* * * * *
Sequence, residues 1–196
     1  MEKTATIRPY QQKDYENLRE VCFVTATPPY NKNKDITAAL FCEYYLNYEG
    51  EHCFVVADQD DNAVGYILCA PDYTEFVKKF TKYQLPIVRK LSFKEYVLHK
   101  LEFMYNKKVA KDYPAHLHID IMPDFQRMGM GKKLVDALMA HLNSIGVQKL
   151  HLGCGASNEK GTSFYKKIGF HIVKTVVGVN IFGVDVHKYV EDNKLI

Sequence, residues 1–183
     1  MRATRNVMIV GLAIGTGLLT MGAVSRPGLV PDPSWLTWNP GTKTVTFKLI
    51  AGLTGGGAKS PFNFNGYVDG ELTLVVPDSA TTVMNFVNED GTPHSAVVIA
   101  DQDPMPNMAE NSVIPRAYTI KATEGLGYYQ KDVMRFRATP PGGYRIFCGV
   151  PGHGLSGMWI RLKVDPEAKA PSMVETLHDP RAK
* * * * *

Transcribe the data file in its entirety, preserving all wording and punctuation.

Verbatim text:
Sequence, residues 1–196
     1  MEKTATIRPY QQKDYENLRE VCFVTATPPY NKNKDITAAL FCEYYLNYEG
    51  EHCFVVADQD DNAVGYILCA PDYTEFVKKF TKYQLPIVRK LSFKEYVLHK
   101  LEFMYNKKVA KDYPAHLHID IMPDFQRMGM GKKLVDALMA HLNSIGVQKL
   151  HLGCGASNEK GTSFYKKIGF HIVKTVVGVN IFGVDVHKYV EDNKLI

Sequence, residues 1–183
     1  MRATRNVMIV GLAIGTGLLT MGAVSRPGLV PDPSWLTWNP GTKTVTFKLI
    51  AGLTGGGAKS PFNFNGYVDG ELTLVVPDSA TTVMNFVNED GTPHSAVVIA
   101  DQDPMPNMAE NSVIPRAYTI KATEGLGYYQ KDVMRFRATP PGGYRIFCGV
   151  PGHGLSGMWI RLKVDPEAKA PSMVETLHDP RAK